We are not taught to fail.

We are taught that failing is a bad thing.  After all, in school if you fail a test and then an exam, you probably fail the course. You are punished by the institution and punished socially by your peers for your failure.  School has few opportunities to learn by experimentation and failure in a supportive environment.  In school, then, passing or failing is all about judging your inherent worth as a cog in the societal wheel and ultimately as a human being.  Harsh assertion, I know, but hey, after a zillion years as a student and a teacher, I can state this with some certainty.

As marketers, we have to experiment with lots of small marketing ideas (Marketing Manifesto #5) and trust that we will fail regularly. And these failures have nothing to do with our “worth” or our social status.  They have to do with learning to find the truth about things, asking the right questions at the right time, and trusting that our path of learning is exactly the perfect path for ourselves…failures and successes together.

What I learned from my failed marketing

Here is  some of the learning from my marketing failures over just the last few years:

  • Don’t try to sell something to people who don’t have any money to buy what you are selling.  Just because they need what you have sell doesn’t mean they can afford it.  Loss  $0. I broke even from a cash outlay perspective, but hundreds of hours of work for free.  Learning value?  Profound.
  • Question that which seems too good to be true about a product (it probably is).  Dig deep for truth before investing.  Take all the time you need. If there is a rush it is likely because something is hidden that you need to know.  Loss:  $2500.   Learning value?  Invaluable lessons in trusting your instincts and having the patience of Buddha.
  • Sometimes you have to simply try something to see if it will work.  It may not work, but the only way to know for sure is to try it.  Loss:  $2000. Learning value?  Wow!  Insights, new contacts, and new business opportunities.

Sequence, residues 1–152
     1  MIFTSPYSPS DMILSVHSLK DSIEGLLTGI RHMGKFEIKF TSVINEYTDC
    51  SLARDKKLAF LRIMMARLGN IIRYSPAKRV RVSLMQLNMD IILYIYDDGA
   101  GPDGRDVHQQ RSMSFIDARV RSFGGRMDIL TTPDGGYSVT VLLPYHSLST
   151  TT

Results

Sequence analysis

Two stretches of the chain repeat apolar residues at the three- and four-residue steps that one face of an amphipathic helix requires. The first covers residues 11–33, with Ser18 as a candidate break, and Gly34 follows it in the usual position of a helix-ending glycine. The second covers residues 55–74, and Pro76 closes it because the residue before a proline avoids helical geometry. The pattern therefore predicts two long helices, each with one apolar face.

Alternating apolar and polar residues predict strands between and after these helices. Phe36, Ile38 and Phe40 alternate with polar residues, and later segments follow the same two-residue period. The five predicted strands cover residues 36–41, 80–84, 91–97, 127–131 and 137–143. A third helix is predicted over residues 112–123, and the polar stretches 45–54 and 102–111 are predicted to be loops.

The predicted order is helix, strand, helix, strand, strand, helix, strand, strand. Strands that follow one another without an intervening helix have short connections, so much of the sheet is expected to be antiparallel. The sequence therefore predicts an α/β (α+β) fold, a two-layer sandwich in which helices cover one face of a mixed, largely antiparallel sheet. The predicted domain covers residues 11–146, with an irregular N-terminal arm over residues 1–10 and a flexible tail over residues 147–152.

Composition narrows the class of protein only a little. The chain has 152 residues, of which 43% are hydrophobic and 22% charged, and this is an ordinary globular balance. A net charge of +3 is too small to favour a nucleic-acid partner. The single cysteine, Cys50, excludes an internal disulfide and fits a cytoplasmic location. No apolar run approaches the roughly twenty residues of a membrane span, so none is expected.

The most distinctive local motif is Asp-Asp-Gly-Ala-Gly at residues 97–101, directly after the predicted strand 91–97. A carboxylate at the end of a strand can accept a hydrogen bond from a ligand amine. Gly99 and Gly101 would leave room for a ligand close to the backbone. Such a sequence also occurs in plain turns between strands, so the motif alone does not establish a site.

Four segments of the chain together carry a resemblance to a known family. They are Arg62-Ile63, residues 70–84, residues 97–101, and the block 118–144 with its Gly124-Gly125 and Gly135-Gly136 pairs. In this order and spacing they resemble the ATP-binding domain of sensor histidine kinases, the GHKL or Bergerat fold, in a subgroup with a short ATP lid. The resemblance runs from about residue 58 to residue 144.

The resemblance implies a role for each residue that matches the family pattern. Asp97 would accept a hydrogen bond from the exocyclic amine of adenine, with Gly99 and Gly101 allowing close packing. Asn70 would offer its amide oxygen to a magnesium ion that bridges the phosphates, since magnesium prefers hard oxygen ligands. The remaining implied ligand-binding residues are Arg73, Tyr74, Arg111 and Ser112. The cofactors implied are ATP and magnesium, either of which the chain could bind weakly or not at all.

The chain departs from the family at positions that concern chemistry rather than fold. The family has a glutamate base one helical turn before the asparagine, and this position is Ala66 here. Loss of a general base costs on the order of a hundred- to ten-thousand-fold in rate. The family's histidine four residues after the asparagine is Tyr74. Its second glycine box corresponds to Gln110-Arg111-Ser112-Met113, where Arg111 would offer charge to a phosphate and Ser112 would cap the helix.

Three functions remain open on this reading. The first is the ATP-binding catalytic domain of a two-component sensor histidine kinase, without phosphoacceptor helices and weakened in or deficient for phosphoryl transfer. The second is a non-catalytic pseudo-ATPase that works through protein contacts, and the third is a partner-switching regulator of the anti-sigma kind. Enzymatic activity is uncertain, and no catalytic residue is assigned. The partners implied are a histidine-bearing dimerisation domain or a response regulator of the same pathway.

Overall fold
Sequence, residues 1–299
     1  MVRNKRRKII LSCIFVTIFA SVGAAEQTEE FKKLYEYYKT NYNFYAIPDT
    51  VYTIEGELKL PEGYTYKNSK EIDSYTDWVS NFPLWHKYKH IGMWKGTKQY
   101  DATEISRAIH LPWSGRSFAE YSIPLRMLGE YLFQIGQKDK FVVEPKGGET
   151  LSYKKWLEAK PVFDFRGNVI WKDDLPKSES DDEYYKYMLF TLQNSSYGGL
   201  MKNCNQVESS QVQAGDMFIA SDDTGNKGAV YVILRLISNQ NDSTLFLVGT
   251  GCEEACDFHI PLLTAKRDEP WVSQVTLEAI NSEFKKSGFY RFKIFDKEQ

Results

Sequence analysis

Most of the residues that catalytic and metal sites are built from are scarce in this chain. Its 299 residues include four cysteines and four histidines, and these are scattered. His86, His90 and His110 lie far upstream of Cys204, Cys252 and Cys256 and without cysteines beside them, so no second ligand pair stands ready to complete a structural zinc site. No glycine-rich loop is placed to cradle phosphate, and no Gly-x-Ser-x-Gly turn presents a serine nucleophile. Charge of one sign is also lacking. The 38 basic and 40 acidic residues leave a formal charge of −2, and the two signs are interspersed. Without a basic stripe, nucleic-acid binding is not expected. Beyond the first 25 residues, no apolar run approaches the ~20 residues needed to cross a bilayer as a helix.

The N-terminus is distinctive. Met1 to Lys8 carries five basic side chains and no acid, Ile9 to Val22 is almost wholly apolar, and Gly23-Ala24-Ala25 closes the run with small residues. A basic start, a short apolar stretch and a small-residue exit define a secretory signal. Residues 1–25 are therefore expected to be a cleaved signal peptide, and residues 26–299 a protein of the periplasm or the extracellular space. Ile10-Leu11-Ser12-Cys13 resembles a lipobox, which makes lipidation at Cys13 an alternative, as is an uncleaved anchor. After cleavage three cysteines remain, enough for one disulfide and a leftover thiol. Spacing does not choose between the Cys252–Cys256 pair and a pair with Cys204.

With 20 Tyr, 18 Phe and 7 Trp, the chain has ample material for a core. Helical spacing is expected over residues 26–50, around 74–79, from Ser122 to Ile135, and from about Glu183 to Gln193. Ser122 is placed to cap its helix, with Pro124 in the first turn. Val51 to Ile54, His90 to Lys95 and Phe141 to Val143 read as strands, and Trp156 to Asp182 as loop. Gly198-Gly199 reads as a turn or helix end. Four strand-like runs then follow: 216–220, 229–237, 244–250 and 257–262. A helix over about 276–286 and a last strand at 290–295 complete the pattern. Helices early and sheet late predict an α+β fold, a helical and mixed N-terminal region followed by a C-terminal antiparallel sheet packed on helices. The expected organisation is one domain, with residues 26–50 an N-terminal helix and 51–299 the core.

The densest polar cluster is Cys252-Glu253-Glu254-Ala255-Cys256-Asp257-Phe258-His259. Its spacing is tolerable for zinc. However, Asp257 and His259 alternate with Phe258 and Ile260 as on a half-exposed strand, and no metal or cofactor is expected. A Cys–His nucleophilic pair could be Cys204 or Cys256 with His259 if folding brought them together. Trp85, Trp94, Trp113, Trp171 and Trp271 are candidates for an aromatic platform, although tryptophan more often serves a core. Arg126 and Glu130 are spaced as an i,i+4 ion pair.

Get back on the surf board

You would think that I have a masochistic streak.  I don’t, actually. I have learned so much from recent marketing endeavors that I feel profound humility from all the gifts of learning I have received.

But I get back on the marketing “surfboard”. I continue to try marketing new product and services.  And in this I learn.  I have a voracious appetite for learning truth.  What I know now about successful marketing is vastly more than I knew a few years ago.

I will continue to try new marketing. I will continue to fail. I plan to fail well.  I am not afraid of failure, because it is a necessary path to learning marketing really, really well.

I wholeheartedly recommend failure to everyone who wants to be a great marketer.

Oh, and in case you  might be wondering how a professor of marketing can justify failing seemingly regularly when he is supposed to be teaching how to do marketing well, note that I haven’t shared how many times I have been successful in my marketing efforts over the last few years…

“Ummm…has anyone seen the keys to my Porsche?”

Kidding.  I don’t have a Porsche.

Yet.